The natural resources sector continues to be a pillar of both the central and regional economies and governmnet revenues. Natural resources from the mining sector are the second largest non-oil and gas export after the processing industry. In 2019, the mining sector by itself produced a total of 698,097 million tons , approximately 519.6 million tons or 74 percent of which was exported, and in 2020, a total of 438.9 million tons of mining products were exported. One direct contribution of mining natural resources is the income received by the state, both at the national level and in regions where mining sites are located. The average growth in non-tax state revenue from minerals and coal over the 2016-2020 period was 9.85%.

Natural resource revenues from mineral and coal mining consist of tax revenue and non-tax revenue (PNBP). The state revenue is recorded in the State Budget (APBN) and Regional Budgets (APBD), which are determined by the executive government (President and Regional Heads) in collaboration with the appropriate legislative bodies (the People’s Representative Council/DPR at both the national and regional level). The state and regional budgets are planned, determined, and implemented, and their performance evaluated annually. The state and regional budgets also contribute to regional-level income through the Village Fund Budget (Anggaran Dana Desa/ADD).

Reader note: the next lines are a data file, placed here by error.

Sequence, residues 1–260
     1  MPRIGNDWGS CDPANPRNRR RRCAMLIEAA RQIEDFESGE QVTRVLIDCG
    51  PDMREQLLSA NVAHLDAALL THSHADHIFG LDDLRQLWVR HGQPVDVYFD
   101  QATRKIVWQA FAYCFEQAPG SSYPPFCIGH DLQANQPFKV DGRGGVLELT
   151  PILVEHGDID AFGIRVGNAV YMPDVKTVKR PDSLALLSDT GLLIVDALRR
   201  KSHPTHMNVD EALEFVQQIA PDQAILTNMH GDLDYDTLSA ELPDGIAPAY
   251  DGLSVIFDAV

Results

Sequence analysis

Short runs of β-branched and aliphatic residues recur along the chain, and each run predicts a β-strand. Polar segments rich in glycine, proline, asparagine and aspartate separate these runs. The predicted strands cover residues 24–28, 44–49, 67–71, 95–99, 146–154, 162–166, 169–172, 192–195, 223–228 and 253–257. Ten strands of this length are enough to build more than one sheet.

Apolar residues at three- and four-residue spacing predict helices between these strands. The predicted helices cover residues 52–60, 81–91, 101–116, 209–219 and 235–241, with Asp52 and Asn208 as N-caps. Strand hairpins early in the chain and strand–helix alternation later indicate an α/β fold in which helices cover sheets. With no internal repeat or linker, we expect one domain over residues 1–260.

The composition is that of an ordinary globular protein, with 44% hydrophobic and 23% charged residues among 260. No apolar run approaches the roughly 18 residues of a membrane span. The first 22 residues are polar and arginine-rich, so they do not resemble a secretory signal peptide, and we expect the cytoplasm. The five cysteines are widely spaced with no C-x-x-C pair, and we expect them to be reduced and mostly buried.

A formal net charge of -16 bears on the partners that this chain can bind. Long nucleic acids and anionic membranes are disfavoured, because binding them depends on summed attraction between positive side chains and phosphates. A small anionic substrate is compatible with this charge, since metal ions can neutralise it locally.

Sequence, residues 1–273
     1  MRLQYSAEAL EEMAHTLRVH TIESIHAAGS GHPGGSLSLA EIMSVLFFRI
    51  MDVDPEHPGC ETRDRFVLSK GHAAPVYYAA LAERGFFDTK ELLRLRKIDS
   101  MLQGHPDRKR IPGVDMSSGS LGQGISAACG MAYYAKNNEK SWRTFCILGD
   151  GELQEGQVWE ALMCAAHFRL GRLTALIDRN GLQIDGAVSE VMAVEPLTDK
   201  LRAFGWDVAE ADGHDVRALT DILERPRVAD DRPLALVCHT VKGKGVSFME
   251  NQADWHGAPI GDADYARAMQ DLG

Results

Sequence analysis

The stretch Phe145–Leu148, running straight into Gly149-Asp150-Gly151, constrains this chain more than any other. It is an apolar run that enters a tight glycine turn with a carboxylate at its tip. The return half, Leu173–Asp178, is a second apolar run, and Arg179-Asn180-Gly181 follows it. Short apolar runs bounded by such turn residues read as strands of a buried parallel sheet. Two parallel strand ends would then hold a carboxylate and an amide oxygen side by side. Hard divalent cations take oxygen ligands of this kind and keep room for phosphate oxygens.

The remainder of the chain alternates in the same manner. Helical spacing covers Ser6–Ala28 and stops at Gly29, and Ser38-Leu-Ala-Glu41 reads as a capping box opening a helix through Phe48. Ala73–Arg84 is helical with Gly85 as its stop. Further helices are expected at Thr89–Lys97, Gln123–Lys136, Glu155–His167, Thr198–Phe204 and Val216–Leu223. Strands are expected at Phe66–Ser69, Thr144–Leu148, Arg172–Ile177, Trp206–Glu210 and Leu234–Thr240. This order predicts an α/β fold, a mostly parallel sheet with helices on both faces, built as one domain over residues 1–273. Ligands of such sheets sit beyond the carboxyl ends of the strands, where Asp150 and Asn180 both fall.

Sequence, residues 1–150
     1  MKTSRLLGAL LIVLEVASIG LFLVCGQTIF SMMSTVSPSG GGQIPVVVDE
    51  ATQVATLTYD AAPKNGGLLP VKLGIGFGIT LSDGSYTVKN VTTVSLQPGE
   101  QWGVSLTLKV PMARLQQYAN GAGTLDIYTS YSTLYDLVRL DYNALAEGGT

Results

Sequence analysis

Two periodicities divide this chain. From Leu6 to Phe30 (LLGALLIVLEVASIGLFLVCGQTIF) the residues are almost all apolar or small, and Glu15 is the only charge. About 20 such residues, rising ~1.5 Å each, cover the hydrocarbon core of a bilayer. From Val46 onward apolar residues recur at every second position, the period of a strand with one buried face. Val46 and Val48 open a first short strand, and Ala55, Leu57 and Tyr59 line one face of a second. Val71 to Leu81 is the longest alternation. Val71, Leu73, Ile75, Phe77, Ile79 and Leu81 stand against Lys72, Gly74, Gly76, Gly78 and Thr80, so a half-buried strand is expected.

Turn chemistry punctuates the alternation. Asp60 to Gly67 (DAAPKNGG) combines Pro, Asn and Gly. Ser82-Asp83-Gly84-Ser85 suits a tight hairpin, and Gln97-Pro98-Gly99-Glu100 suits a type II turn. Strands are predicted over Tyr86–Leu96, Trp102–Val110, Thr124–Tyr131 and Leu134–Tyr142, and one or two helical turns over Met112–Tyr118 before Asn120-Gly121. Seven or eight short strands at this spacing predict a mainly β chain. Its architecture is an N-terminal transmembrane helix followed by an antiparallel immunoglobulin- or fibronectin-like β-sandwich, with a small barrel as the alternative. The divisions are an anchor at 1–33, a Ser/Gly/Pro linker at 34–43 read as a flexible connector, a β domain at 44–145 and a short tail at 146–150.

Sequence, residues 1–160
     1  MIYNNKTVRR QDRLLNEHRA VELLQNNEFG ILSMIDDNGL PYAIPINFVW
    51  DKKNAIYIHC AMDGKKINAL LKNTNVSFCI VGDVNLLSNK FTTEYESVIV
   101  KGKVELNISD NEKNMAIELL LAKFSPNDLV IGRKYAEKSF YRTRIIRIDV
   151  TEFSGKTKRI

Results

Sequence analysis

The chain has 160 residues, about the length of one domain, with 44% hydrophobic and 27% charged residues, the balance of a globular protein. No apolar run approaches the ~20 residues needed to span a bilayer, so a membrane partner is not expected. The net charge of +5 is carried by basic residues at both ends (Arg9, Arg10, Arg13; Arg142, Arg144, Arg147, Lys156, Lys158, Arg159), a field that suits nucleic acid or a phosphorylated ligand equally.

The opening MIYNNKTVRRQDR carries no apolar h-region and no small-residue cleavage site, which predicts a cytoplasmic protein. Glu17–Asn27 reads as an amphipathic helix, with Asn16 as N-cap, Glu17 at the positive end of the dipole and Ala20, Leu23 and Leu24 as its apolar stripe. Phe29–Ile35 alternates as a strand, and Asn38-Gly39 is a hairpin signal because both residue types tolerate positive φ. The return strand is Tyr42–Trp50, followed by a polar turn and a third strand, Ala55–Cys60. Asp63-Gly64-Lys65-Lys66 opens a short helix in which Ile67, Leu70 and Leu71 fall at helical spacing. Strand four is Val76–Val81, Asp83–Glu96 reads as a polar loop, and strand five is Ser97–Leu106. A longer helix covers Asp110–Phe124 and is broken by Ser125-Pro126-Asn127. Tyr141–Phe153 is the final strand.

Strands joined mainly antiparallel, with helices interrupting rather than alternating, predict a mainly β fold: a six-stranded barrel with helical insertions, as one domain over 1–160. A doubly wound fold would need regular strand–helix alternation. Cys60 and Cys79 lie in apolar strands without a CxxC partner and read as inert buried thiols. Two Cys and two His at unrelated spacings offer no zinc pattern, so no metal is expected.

The fact sheets are designed as a resource for public and community education to encourage policy dialouge and the development of social accountability-particularly in regard to state revenue obtained from the mining sector. The first series of fact sheets focuses on illustrating the data and providing a portrait of state revenue (tax and non-tax) obtained from the mining sector, from the national to the provincial and district levels, in 3 (three) regions (Aceh, East Kalimantan, and Southeast Sulawesi) included in the pilot program conducted by PWYP Indonesia in collaboration with program partners. The fact sheets are a joint initiative between PWYP Indonesia and FITRA (the Indonesian Forum on Budget Transparency) in the form of a Mining Sector Social Accountability Program supported by the World Bank’s Global Partnership for Social Accountability (GPSA).

A Potrait of State Revenue and Sharing

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